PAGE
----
Clostridium perfringens?? Help with dosage please

Discussion in 'Emergencies / Diseases / Injuries and Cures' started by prinellie, Oct 18, 2018.

  1. prinellie

    prinellie Songster

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    i posted on here a couple weeks ago about chickens with watery poop. Got fecal float done and they had round and capillaria worms plus cocci... treated with safeguard then had floats done again. Still had cocci but at the same time our vet sent a poop sample to Iowa State for exam. Report came back with clostridium perfringens which my vet says is salmonella. She gave me Tylasaine (which she called tylan) and said 1 tsp in 1 gal water for 5 days. Got home and the label says 10days... ‍♀️ Does anyone know - for SURE - which it is? My vet is very new to chickens but is trying really hard but I need egg-spert advice!!! :cool::bow (The girls still have watery white poop now and haven’t laid for 10 days... nothing!)
     
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  2. azygous

    azygous Free Ranging

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    For starters, salmonella isn't the same as Clostridium perfringens, but they are both forms of food poisoning. Clostridium is associated with botulism. Both are common residents in feces, but usually in very small populations so they don't usually cause problems.

    You will know if these two culprits are causing illness due to large amounts in the intestines if the chicken is acting very sick, usually acting lethargic and sleepy.

    Tylan can treat these pathogens, but if the patient is not responding to Tylan, another antibiotic can often work. I usually use amoxicillin for ten days. I would hesitate to use Tylan for longer than five days as it's a caustic drug.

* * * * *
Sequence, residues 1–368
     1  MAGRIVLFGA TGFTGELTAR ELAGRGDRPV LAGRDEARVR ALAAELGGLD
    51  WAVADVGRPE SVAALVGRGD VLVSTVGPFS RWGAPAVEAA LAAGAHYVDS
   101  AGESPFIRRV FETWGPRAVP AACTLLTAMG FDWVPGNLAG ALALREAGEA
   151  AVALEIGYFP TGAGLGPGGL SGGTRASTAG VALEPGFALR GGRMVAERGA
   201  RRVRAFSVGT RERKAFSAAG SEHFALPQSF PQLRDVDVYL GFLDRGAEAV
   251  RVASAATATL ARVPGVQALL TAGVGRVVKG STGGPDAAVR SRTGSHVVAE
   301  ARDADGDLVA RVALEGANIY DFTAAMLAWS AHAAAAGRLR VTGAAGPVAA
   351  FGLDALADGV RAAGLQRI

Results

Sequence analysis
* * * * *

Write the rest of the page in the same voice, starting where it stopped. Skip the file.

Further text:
With coccidiosis, especially if blood is present in the stools, a sulfa drug is often used along with amprolium to address the damage and secondary infection in the intestines, necrotic enteritis.
     
  3. Eggcessive

    Eggcessive Crossing the Road

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    Clostridium perfringens is not salmonella, but Tylan is one of many different drugs used to treat it. The usual dosage of Tylan Soluble Powder for respiratory diseases is 1 tsp per gallon for 5 days, making sure that she takes enough of the medicated water.
    I would call the vet and ask if she wants you to continue it for 10 days, since the treatment for enteritis may well be that.
     
  4. Eggcessive

    Eggcessive Crossing the Road

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    I would also recommend treating for coccidiosis with Corid, since enteritis is usually preceeded by coccidiosis infection, and your fecal float showed that. Talk to the vet about tretaing for one and then the other.
     
  5. Eggcessive

    Eggcessive Crossing the Road

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  6. coach723

    coach723 Crowing

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    Was trying to find a way to post the document I have, can't figure out how to do it.....:oops:
    It says 5 days for Tylan for necrotic enteritis from CP (both CP and salmonella can cause food poisoning, so that may be why the vet said that). I agree with above posts. I would ask about treating the coccida also, since that could be the cause. I've also used amoxicillin for secondary infections from parasites, so worms alone, absent coccidia, can also be a cause due to the disruption of the gut.